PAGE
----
Variety in Romanesque Architecture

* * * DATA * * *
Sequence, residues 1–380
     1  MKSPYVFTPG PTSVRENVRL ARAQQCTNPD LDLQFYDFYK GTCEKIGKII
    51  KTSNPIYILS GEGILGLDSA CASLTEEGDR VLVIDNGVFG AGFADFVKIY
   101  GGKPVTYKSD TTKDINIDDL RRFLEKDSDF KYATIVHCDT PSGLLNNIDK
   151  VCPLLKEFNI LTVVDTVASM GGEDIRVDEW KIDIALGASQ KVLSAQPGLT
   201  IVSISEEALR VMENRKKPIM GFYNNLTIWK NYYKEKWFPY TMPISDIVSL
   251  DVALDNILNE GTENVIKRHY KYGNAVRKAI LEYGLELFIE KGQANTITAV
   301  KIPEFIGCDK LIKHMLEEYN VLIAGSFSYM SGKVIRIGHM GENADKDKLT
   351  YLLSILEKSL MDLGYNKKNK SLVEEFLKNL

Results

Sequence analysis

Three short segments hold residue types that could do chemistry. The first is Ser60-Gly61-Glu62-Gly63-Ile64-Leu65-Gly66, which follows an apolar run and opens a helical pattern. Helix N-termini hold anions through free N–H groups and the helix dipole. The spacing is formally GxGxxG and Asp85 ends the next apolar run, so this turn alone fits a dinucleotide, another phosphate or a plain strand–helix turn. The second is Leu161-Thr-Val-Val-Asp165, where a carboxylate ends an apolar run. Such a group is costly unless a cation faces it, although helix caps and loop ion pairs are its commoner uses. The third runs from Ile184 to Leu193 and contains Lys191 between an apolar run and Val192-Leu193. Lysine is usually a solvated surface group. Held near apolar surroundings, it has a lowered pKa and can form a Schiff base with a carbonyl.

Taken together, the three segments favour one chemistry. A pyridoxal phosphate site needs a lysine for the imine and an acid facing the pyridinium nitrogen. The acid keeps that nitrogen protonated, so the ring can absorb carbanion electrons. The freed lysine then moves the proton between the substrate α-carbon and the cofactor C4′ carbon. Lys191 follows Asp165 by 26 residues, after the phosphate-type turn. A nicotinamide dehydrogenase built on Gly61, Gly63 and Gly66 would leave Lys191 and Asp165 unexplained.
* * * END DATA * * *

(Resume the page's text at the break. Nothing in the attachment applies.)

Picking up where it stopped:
In spite of the improved communication which the pilgrimages to the grave of Saint James Major in Spain and the Crusades to the Holy Land afforded, Romanesque architecture in France remains strongly regional. The “pilgrimage family” of churches — Santiago de Compostela, Saint-Sernin at Toulouse, Sainte-Foy at Conques — are exceptions to the localism of Romanesque times. Yet French Romanesque architecture in its entirety was rooted in the local region and reflected the fragmentation of political authority in this period. The comparisons of interiors and exteriors suggest the extraordinary variety of imaginative solutions which can be seen in a small selection from the thousands of Romanesque monuments in present-day France. The treatment of interior spaces is quite different in various geographic areas. Most Norman churches display elaborate façades with paired towers and large square lantern towers over the crossing. Queen Matilda’s church at Caen, Sainte-Trinite, reveals the same mural massiveness as seen in Mont-Saint-Michel.